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The perils of faux-countability

After the screwup comes the inevitable demands for a head -- or, even better -- heads to roll. Call it faux-countability, the phenomenon by which someone takes the fall for a mess that he or she is at most only partly responsible for.

A would-be bomber gets on a plane: Fire Homeland Security Secretary Janet Napolitano!

Three people sneak their way into a state dinner: Fire White House social secretary Desiree Rogers! Fire the head of the Secret Service, too!

I’m all in favor of real accountability -- canning the incompetent, in government and out. If you’re in over your head, then by all means: out the door. When a senior official demonstrably flubs a critical task or demonstrates bad judgment, then by all means: out the door in time for the evening news.

Former Defense Secretary Donald Rumsfeld is a good example of a man who got it wrong and stayed -- or was allowed to stay -- too long. Michael Brown, the hapless former director of the Federal Emergency Management Agency, is a good example of a man who never should have been in the job -- and was appropriately fired when it became clear that he had fiddled while New Orleans flooded.

And there no doubt were, in the Christmas almost-bombing and the state dinner security breach, human as well as systemic failures. Someone was so dazzled by the sight of Michaele Salahi in a sari that he forgot to check the official guest list to see if the couple was actually invited. Someone, or ones, failed to take seriously enough the warning from Umar Farouk Abdulmutallab’s father about his son’s growing radicalization. These things should go, as my kids would say, in their permanent record.

But as satisfying as it might feel to haul out the guillotine, as mesmerizing as the descent of the glittering blade, the only problem these public beheadings solve is political. The lapses that let Abdulmutallab on board the plane with explosives sewn inside his underwear are not likely to be traceable to any individual Cabinet secretary. Playing another round of musical chairs with the counter-terrorism bureaucracy would only serve to add to the disorder, not resolve it.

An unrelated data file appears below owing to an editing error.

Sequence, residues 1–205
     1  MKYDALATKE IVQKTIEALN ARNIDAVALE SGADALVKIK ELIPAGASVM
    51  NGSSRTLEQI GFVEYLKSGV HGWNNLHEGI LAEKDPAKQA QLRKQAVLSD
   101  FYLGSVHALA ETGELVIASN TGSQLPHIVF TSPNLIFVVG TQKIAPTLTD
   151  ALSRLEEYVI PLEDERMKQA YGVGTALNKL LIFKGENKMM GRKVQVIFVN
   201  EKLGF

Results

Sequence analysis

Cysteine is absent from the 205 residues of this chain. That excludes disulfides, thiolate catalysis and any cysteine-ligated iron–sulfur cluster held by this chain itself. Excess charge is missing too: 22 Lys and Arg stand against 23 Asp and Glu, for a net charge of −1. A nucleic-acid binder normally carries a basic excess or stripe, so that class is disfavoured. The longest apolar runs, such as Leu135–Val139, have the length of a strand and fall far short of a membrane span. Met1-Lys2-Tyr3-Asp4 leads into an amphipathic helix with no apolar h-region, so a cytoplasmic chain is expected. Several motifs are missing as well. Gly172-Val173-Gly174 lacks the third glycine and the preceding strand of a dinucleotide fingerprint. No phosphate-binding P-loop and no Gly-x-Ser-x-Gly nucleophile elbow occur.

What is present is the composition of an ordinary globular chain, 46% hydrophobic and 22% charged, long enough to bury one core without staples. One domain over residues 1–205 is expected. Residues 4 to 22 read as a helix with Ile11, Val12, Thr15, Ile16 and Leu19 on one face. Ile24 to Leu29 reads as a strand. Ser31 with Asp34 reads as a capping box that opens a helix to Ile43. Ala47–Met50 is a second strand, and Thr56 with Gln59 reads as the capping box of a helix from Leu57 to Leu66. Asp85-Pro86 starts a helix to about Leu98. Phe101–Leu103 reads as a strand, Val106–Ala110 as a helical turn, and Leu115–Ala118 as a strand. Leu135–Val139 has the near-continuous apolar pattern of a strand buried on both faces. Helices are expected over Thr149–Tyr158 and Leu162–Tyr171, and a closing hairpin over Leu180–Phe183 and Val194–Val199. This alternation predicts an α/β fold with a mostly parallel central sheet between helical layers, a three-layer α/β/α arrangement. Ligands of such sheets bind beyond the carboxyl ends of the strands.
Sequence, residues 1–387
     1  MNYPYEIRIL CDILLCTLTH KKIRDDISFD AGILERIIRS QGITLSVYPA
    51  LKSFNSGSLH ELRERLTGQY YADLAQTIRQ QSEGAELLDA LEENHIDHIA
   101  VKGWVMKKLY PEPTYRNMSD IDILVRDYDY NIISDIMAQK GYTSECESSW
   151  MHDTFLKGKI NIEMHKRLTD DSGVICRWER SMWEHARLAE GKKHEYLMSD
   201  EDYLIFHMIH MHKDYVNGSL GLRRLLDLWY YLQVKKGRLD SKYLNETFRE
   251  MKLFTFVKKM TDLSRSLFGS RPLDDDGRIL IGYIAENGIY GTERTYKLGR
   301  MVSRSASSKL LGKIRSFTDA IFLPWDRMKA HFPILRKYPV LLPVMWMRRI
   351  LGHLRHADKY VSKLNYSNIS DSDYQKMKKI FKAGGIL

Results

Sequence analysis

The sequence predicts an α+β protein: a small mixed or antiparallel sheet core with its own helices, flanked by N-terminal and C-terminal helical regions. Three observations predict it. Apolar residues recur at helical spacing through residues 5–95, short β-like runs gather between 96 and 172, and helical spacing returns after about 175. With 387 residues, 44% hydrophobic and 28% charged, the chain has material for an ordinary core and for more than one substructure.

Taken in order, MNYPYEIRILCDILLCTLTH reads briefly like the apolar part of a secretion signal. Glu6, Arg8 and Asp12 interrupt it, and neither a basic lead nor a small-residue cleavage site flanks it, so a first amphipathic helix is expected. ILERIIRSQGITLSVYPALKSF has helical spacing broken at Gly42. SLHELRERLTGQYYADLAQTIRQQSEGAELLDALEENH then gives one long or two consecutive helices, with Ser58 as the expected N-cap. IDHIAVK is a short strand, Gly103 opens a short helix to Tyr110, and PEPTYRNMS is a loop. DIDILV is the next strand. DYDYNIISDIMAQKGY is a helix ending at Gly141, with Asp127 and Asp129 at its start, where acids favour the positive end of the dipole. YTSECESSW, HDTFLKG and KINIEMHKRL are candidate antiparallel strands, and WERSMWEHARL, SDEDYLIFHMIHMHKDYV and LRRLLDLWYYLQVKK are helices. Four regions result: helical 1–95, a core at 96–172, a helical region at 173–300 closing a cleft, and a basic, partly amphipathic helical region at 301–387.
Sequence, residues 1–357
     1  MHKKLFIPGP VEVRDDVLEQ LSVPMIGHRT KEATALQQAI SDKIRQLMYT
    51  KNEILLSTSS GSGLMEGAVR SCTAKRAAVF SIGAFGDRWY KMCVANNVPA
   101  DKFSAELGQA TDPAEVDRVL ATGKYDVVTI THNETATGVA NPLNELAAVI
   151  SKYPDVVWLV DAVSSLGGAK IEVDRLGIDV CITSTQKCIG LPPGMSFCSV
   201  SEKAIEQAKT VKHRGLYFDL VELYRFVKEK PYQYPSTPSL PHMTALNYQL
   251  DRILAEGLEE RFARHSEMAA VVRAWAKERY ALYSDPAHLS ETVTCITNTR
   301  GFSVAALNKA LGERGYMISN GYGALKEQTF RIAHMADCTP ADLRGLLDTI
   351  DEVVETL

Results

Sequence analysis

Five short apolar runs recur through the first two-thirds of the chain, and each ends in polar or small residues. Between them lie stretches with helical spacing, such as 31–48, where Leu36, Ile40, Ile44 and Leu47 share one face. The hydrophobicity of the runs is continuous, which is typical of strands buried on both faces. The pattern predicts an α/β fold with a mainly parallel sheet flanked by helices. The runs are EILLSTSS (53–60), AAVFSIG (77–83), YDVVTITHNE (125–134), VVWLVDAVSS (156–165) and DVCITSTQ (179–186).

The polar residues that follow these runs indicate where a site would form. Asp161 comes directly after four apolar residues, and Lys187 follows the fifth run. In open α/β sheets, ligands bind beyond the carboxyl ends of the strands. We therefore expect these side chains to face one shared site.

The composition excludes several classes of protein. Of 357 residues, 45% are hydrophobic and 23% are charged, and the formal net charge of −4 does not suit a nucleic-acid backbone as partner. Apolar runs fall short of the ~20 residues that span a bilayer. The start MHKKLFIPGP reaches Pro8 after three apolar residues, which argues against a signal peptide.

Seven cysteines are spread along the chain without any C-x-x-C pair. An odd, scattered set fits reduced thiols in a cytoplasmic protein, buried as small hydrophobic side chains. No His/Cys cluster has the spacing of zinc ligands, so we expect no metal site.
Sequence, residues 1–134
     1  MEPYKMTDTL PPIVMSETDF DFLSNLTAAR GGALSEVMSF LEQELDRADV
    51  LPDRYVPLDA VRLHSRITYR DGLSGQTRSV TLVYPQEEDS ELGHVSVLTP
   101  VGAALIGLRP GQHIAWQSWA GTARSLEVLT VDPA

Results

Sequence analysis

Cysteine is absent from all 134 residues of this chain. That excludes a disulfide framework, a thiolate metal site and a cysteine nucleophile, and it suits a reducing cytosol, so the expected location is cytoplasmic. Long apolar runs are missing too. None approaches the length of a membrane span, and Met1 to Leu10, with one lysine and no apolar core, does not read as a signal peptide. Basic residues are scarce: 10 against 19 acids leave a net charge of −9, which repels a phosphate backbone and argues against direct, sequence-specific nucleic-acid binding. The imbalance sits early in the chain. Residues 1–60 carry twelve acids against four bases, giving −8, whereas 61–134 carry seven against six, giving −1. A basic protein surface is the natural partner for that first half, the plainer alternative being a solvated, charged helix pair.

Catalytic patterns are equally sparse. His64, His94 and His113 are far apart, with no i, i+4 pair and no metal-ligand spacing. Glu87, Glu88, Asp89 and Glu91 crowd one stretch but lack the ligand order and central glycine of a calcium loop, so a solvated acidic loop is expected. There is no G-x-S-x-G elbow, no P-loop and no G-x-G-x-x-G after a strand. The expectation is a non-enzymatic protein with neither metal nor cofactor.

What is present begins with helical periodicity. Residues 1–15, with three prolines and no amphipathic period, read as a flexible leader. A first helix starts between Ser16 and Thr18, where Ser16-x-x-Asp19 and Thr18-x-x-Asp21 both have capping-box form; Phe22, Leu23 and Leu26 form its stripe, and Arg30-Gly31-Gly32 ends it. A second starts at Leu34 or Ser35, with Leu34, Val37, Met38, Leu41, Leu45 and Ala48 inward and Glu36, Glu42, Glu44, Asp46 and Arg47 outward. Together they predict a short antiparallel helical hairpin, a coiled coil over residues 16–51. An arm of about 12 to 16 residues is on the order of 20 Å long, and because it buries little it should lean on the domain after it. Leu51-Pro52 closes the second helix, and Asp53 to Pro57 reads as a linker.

The faux-countability instinct is even stronger in sports, as the recent firing of Redskins coach Jim Zorn demonstrates. But is this a rational response to a bad season? A 2006 economic study of six seasons of Portuguese soccer suggest not.

“Our results show that firing the coach does not improve the team's performance and, on the contrary, seems to have a harmful effect in the long-run,” the author Sandra Maximiano concludes. “[T]eams that fired the coach after a spell of bad results seem to recover after firing. But this would also have happened if they had chosen not to fire the coach, simply because luck would eventually turn on their side.”

Indeed, Maximiano finds, compared to similarly underperforming teams that kept their coaches, teams that fired coaches tended to score fewer goals and concede more goals. “Our results suggest that the coach is merely a scapegoat,” she writes, “used by the team's board to appease disgruntled fans and perhaps to distract attention from their own bad management choices.”

Sounds awfully familiar -- to close observers of sports and politics alike.

By Ruth Marcus  | January 7, 2010; 11:30 AM ET
Categories:  Marcus  | Tags:  Ruth Marcus  
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Next: Some campaign promises matter more than others

Comments

Accountability starts at the top.
Attitudes determines altitude.
Heard these things before?
Think they are just platitudes devoid of significance, or are they principles that matter?
Ask any parent.
Ask any leader.
They would know the answer.
Apparently,Ms. Marcus, you do not.

Posted by: flamorte | January 7, 2010 12:51 PM | Report abuse

"Accountability starts at the top"

The top of what?
You must be new to this country, let me help you.
First off, a "leader" keeps a small cadre of "fall guys" nearby at all times. These individuals serve no other purpose than catching the rhetorical slugs that might otherwise harm the "leaders" standing. Once one of these individuals is so chopped up that they become dead weight, the leader drops him, normally " so he can spend more time with his family", and selects a new human shield for the next barrage.
And there will be a "next barrage", there always is.